Figure 1. ESI model 5335 debris removal nozzle

During equipment capacity expansions, pump and plumbing that may have previously met system requirements might be insufficient given the addition of new equipment. Also, additional vacuum branching after expansion can cause overall vacuum loss that results in insufficient pressure.

Another common mistake is to test the vacuum pressure and flow when other systems have their debris vacuum off or their chuck vacuum fully covered, both of which do not represent the worst-case production scenario. As a practice, vacuum pressure and flow should be tested again after all equipment is hooked up to the vacuum system and in operation with real panel material — ideally with a production application that exposes the highest number of open vacuum holes on the vacuum chuck.

Vacuum facilities with inadequate pressure and flow can prevent the system’s debris removal from doing its job properly. This can result in damage to the system’s optics over time since the particles ejected during laser processing are not effectively removed, can settle on the nearby optics, and eventually burn onto those optics.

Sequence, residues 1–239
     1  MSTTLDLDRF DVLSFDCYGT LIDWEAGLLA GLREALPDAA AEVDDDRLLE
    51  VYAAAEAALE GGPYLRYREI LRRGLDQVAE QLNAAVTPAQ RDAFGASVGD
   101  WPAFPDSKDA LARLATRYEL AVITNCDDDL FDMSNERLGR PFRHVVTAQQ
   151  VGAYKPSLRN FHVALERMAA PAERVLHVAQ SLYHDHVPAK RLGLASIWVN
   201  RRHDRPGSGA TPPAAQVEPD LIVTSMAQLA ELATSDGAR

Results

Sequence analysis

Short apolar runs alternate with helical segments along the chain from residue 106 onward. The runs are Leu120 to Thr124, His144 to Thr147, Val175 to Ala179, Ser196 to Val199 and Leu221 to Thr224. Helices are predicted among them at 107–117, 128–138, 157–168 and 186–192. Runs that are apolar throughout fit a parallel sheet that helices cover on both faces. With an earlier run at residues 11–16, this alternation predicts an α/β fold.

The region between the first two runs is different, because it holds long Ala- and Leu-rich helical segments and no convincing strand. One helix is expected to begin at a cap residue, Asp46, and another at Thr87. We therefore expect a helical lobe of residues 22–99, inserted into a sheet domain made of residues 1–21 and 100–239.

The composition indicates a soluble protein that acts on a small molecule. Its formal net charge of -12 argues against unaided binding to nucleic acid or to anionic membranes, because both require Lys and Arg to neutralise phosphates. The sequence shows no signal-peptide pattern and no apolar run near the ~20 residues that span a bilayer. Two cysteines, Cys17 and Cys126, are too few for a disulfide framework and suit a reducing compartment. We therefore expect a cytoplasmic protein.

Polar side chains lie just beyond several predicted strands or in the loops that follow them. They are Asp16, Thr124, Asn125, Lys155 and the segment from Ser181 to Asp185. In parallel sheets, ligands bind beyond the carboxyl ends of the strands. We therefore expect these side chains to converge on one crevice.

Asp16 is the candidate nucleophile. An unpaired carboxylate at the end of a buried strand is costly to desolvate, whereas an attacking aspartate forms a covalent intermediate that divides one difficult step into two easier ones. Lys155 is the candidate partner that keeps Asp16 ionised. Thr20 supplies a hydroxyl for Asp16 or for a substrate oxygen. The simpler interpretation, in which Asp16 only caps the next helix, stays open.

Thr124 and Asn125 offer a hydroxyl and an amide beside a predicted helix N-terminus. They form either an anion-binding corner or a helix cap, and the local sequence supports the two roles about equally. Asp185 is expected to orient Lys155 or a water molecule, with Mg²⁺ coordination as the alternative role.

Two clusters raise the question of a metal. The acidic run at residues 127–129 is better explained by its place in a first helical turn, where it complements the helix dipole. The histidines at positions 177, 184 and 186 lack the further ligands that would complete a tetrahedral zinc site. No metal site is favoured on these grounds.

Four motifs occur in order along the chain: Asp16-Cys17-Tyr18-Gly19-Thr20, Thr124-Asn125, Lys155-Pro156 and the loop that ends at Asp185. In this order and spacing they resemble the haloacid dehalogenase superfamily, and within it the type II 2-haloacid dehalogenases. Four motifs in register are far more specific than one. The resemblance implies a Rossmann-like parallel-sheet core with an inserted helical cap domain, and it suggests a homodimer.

Missing or incompletely-drilled vias can also be caused by poor debris removal due to optics contamination and the debris and processing plasma interfering with the laser reaching the work piece. Finally, insufficient vacuum can also be the cause of panel movement or non-flat panel material on the system’s vacuum work table resulting in a decrease in yield. Each of these issues can result in system downtime due to time spent on extra optics cleaning or root cause investigation. Even worse, more frequent costly optics replacement may be necessary if these site requirements are not satisfied.